Twist Twist Stick – Hex: Shards Of Fate’s Third Set Out

You'll meet an army of me.

What’s a CCG without ongoing expansions? Another stack of brightly-coloured boxes to sit beneath a big “SALE!” on a shelf behind the counter at your local tabletop games shop, waiting to surprise folks who didn’t realise so many of the were ever even made. The ’90s were a wild time, you guys. Anyway, the point is: Hex: Shards of Fate [official site] has received its third card set.

The ‘Armies of Myth’ expansion brings 250 new cards to the free-to-play virtual CCG, including several new card abilities and a new card type.

The official word on those new abilities is that Prophecy “allows players to embellish cards still in their decks with bonuses” while Shift “can transfer one card’s powers to another” and Allegiance “gives players bonuses as long as they have played or are holding cards of a specific race”. I do like that Hex seems to pull a lot of tricks that’d be either messy or impossible to do with physical cards.

Alongside the expansion, developers Hex Entertainment dropped a sizeable new patch also adding two-factor authentication, a new tournament mode, and more.

Card-flicker Ben took a look at Hex for us a few weeks back, drawing a lot of comparisons to dear old Magic: The Gathering. “For better and worse, it’s deeper than anything else in the genre,” he said of Hex. “If you’ve ever enjoyed a Duels game, it’s the best version of that there’s been, at least until Wizards’ own free to play version appears later this month.” Ben’s had a look at that now too.

9 Comments

  1. jasta85 says:

    A lot of people were calling Hex a magic clone (and it definitely is similar in a lot of ways) but with gem slotting, equipment, lots of unique card effects (including combining cards together to form new cards that don’t otherwise exist) as well as the PvE aspect of the game, Hex is definitely showing off how a digital TCG can vastly improve on the original formula, I’m quite enjoying it although I mostly just do draft these days.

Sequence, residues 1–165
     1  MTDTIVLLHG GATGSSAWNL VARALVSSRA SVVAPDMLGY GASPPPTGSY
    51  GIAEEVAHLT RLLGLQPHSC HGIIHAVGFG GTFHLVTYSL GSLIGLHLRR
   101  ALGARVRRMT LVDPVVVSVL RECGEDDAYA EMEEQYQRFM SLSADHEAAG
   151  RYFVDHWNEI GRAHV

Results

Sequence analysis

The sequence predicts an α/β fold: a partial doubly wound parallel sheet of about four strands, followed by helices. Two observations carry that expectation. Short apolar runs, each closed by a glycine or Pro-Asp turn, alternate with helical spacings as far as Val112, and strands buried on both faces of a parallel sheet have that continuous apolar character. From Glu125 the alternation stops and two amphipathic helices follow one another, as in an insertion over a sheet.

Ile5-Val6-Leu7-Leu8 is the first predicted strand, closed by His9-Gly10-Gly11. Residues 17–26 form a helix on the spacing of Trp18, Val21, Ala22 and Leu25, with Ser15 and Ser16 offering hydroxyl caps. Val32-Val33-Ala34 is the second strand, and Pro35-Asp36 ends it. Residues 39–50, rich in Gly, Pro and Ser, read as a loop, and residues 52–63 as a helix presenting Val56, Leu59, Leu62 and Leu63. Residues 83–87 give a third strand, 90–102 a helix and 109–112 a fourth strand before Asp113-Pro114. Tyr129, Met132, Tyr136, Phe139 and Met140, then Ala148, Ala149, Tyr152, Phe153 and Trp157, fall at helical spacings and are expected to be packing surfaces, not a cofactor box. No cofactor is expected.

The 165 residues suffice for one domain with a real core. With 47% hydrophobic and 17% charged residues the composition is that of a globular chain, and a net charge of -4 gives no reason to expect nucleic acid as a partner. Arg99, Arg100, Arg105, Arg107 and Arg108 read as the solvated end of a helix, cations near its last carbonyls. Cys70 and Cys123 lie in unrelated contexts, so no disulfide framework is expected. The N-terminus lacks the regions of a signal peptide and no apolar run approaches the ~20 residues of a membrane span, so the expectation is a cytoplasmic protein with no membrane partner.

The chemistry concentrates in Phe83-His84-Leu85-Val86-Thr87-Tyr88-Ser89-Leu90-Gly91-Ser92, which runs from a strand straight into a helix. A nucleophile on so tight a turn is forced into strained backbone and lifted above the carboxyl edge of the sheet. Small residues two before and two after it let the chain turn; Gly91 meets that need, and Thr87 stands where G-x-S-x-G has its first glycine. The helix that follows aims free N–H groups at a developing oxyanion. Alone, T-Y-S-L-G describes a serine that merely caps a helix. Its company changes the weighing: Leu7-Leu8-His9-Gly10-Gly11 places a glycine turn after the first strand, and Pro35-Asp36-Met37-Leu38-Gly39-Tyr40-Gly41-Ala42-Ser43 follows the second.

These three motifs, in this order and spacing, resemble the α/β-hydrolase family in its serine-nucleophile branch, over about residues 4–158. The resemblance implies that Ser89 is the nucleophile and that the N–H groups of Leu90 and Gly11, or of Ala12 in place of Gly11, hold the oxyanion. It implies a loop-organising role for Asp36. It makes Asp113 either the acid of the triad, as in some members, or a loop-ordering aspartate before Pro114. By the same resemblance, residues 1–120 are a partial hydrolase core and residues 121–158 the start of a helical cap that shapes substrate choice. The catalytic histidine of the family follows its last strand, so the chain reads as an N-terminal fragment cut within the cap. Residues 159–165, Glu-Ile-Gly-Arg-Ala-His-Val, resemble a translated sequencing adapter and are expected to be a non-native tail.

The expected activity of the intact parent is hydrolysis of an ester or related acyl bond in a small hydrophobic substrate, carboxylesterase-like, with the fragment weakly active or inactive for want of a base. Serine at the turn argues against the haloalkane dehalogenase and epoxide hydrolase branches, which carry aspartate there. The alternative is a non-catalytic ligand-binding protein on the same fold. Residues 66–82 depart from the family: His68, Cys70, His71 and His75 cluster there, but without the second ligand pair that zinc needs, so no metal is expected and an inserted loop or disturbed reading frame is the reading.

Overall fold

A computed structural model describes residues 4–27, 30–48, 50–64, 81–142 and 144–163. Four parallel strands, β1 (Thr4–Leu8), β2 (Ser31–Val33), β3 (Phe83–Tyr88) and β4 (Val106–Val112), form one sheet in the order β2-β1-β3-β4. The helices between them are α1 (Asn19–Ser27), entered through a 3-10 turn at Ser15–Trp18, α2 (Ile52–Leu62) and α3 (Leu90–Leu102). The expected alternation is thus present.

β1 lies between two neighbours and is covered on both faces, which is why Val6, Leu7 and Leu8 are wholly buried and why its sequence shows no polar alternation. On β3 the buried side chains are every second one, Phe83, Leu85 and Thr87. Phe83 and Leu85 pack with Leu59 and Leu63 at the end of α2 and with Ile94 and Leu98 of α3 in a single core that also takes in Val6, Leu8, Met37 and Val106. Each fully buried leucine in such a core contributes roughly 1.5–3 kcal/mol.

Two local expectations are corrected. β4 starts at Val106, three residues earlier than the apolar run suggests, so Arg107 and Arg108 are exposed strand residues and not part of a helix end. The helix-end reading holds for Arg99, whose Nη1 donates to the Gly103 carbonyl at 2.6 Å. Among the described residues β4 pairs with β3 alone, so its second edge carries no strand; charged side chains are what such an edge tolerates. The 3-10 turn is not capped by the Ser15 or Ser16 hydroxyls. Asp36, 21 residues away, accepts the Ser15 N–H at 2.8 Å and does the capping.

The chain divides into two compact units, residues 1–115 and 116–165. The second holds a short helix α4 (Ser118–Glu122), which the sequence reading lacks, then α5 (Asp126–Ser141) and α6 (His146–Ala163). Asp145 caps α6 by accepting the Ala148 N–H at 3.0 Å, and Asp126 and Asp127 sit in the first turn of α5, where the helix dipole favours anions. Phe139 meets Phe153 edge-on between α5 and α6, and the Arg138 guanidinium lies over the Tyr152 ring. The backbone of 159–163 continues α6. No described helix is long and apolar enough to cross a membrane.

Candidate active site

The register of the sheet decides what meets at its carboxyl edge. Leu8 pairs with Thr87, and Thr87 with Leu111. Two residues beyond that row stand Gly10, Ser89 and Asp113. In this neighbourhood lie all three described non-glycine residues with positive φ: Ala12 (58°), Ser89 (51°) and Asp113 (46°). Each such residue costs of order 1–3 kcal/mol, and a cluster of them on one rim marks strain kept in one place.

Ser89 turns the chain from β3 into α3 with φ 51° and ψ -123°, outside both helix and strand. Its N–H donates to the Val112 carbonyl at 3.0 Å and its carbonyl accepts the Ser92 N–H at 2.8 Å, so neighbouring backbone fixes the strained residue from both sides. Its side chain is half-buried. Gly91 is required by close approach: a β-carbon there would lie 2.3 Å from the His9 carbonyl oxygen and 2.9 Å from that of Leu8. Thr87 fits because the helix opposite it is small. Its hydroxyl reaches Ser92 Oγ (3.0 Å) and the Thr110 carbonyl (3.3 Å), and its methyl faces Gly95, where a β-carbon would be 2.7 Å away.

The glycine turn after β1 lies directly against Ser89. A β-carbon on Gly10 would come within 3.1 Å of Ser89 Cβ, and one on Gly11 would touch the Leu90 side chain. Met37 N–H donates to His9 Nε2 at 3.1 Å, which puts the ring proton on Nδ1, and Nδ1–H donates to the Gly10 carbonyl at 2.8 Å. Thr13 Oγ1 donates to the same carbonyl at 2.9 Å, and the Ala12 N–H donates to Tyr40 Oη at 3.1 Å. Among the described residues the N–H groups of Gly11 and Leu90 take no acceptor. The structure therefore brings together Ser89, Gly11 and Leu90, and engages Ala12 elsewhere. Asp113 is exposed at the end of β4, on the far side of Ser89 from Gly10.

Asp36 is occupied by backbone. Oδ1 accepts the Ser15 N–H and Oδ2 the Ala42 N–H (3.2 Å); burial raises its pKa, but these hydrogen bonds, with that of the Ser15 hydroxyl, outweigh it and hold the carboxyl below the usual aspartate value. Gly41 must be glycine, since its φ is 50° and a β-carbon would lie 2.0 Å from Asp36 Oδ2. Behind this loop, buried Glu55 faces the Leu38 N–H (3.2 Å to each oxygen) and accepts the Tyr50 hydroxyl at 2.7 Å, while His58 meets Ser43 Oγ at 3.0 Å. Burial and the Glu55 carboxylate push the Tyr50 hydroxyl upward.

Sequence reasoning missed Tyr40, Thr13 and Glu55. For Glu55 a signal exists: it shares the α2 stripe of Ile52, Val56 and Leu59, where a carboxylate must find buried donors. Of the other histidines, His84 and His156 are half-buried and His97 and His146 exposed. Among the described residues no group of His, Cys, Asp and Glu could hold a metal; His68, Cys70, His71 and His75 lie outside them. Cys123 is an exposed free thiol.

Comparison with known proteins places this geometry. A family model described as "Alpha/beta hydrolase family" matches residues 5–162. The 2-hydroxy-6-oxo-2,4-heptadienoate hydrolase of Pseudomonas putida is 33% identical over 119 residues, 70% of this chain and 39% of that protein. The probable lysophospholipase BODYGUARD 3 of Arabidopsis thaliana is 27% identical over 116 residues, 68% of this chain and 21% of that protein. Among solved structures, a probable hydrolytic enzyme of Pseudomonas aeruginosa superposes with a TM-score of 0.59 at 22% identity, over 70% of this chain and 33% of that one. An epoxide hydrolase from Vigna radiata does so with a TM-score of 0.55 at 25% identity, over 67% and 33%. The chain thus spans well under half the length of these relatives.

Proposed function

• Scurra says:

      I’m not sure that “improve” is necessarily the right word to use here. Certainly it increases the design space considerably (Magic is already pressing at the boundaries of the non-digital area already), but that doesn’t automatically improve things – indeed, it risks making things worse if the designers/developers aren’t properly prepared. On the other hand, a wholly digital format means that mistakes can be dealt with more easily too…

      • hennedo says:

        Is that a commentary on Hex in particular or a general defense of the merits of physical card games?

      • malkav11 says:

        Improve is definitely the right word to use so far. I mean, sure, there’s definitely room to balls it up in future, but so far every game of Hex I’ve played has let me play cards in ways that produce cool, powerful feeling effects and I’ve almost never had a session where I felt definitively unable to achieve victory. Generally, even though I’ve lost almost every PvP game of Hex I’ve played, there have been moments where I had the upper hand, and if I’d just managed to sustain it a little longer, would have won. I get those things from Magic sometimes, but not nearly as consistently.

  2. Hunchback says:

    Have they changed the business model tho?

    • Dawngreeter says:

      Not really. It seems to still be firmly in that “games to play instead of buying a car” category that Magic dominates.

      • Winged Nazgul says:

        It does have a similar business model to MTG but the bonuses and base prices give you way more bang for your buck. It also has a thriving auction house which lets those of a profiteering bent get even more value from their investment.

  3. Disgruntled Goat says:

    What does “Twist Twist Stick” mean? Is that a British thing?